If you have a local natural foods store, check out their offerings. Take your kids along and choose a few items to sample if you don't normally shop there. Honey sticks are a favorite and are very inexpensive (never give honey to children under age 2). Many natural food companies make small "bars" in flavors kids love like peanut butter and chocolate. Assuming you have the time to order online, check out http://www.greenhalloween.org/ for dozens of alternatives.


One issue that often comes up when discussing organic or green choices is cost. While it is true that many healthier items cost more, there is a simple solution.


Instead of handing out fistfuls (or allowing kids to take as much as they want, which has become the norm), try this:


Fill a bowl with a variety of great choices, whether sweets or "treasures" like sparkly stones, feathers (yes, kids love these), hair decorations, temporary tatoos, stickers etc.


Cover the bowl with a cloth.


When children come to the door, get down to their level and whisper, "At our house, we have some very, very special treats and treasures. You may now choose your favorite." Then with a flourish, whip off the cloth and let them sift. Compliment them on their choice afterwards.


If you're not yet ready to totally embrace greener treats and treasures you can still help cut down on expense and waste by choosing one of these options:


Put out two bowls, one with conventional candy, the other with "treasures." Let kids choose one item from either bowl.


Hand children whatever you are giving them. Do not allow them to take as much as they want.


Let older children know that unwrapped candy can be composted.


Whatever you do this Halloween, taking time to plan and implement will make the holiday a lot less spooky!



Eco tips for a green Halloween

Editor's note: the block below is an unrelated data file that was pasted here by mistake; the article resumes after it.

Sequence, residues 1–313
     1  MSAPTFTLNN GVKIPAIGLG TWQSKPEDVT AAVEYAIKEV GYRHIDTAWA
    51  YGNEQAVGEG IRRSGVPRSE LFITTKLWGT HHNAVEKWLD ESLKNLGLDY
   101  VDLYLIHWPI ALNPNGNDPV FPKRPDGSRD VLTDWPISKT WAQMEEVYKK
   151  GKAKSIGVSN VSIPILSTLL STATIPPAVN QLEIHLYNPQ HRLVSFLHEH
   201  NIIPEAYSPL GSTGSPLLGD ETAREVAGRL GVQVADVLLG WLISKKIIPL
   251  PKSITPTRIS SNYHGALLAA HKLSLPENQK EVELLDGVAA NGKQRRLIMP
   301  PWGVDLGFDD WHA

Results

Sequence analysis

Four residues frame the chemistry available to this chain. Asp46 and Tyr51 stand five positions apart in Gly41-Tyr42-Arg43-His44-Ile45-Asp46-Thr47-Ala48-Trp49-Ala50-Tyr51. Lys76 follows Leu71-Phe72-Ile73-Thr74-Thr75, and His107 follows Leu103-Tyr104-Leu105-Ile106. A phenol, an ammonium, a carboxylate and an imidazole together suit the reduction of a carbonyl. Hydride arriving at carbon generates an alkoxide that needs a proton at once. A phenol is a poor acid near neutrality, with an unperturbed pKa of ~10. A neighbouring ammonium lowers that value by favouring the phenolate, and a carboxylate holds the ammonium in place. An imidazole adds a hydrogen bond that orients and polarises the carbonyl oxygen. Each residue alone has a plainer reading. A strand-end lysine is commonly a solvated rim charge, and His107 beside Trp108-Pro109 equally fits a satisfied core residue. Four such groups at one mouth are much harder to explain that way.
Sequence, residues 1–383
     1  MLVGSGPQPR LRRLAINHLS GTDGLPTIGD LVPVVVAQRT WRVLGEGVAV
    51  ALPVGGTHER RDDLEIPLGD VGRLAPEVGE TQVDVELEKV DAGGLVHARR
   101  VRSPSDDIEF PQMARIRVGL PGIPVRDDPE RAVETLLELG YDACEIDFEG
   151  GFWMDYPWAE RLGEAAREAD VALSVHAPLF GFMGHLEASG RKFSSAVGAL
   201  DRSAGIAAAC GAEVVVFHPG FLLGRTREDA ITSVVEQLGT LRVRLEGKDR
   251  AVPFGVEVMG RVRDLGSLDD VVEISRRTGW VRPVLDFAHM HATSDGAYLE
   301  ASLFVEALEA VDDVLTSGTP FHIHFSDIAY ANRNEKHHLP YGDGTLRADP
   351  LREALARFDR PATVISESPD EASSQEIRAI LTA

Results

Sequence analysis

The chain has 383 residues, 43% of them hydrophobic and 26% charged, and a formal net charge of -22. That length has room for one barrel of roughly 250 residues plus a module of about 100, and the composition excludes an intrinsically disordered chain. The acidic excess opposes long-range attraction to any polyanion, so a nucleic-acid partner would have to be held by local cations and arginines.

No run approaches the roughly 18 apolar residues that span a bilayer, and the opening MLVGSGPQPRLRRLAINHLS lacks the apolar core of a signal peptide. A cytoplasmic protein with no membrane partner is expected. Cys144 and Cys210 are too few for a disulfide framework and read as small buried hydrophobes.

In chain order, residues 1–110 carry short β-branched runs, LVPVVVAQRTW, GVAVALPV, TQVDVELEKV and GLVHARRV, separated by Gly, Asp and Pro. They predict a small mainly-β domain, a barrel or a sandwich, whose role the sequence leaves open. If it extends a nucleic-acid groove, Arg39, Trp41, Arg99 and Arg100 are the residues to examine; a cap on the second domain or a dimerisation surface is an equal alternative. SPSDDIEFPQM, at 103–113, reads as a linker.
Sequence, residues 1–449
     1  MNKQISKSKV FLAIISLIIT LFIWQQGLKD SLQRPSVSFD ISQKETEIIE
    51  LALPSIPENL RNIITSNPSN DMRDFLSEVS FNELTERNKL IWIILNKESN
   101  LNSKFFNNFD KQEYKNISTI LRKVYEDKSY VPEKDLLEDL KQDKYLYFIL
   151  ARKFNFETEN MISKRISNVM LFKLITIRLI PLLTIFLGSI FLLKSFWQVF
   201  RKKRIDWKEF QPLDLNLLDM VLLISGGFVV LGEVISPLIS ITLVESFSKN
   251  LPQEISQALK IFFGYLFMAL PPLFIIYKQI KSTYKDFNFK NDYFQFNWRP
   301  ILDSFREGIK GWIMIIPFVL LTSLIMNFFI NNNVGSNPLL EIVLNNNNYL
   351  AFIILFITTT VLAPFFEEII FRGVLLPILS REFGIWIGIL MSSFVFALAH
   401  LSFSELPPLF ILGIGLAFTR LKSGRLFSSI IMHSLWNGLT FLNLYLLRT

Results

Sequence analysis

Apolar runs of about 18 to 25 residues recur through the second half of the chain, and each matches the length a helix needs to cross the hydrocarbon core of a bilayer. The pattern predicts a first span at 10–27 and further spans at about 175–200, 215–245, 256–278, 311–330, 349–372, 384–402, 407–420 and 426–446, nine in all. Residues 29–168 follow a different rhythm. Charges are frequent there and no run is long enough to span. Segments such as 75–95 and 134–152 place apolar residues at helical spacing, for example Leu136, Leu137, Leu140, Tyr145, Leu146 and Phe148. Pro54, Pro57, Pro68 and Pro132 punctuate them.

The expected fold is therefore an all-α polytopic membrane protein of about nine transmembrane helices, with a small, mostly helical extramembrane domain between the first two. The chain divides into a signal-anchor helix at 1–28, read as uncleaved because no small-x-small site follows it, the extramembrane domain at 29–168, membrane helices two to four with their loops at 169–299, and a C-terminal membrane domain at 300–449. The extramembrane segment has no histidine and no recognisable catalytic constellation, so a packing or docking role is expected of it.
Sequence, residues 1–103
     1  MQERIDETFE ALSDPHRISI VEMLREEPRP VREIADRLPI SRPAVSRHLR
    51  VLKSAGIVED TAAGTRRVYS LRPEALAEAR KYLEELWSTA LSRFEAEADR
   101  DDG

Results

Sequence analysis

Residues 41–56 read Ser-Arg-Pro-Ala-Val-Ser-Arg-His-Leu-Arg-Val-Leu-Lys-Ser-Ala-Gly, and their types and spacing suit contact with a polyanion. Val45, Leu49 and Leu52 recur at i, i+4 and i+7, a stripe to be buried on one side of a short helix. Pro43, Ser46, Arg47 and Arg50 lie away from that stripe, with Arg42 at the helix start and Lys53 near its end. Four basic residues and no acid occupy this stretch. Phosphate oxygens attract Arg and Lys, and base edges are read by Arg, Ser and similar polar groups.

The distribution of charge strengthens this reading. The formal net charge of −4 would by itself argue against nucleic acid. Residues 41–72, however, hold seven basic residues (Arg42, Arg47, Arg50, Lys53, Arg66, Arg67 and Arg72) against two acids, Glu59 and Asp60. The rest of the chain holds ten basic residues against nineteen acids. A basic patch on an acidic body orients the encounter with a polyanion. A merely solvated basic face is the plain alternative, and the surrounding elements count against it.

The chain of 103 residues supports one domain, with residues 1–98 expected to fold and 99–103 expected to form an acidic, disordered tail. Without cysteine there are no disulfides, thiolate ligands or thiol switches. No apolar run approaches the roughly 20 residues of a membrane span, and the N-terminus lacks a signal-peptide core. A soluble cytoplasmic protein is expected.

Plan, plan, plan. Sit down and talk about what you need to buy or make, then schedule time to do it prior to the night before Halloween.


Get your local school involved. For instance, see if they'd like to host a candy composting party. Children bring in leftover candy, unwrap it and place it in a compost bin. They can be rewarded with a healthy alternative treat or treasure (see above).


Talk to your neighbors and friends about offering healthier, more earth-friendlier alternatives.
Older kids might enjoy reverse trick or treating. Check it out here.


Plan a neighborhood Halloween party with likeminded parents. You can control all aspects of the event so it is as eco-friendly as you want.


Eco picks for a green Halloween


Costume ideas:


Organic cotton costumes for "wee ones" can be assembled by pairing themed onesies and caps. (Try Kee-Ka's pumpkin body suit with Under The Nile's veggie cap.)


Sarah's Silks, Nova Natural, A Toy Garden and Magic Cabin sell costumes made out of silk, rather than petroleum. While these are more expensive than others, they can be used for years for dress up and kids adore them.


Check out BoxWorks' ingenious new templates for making costumes out of old cardboard boxes.


Treats and Treasures


Snack bars such as LARABAR, Cascadian Farm


100% honey sticks DON'T GIVE HONEY TO CHILDREN UNDER THE AGE OF 2


Glee Gum "minis" or other individually wrapped small gums



Organic licorice bars, rope, and gum, (cut into pieces), by Tundra Trading


Adhesive "bandages" with pirate, black cat and other fun themes (one per child. Great for older kids!)


Coins (US or non-US)


Confetti-biodegradable, water-soluble


Cookie cutters - mini


Cootie Catcher Note Cards (one card per child)


Crayon "rocks" (soy-based)


(I personally love YummyEarth organic lollipops, gummy bears and hard candies ~WN)
~Lynn Colwell and Corey Colwell-Lipson are mother and daughter and co-authors of Celebrate Green! Creating Eco-Savvy Holidays, Celebrations and Traditions for the Whole Family, available at www.CelebrateGreen.net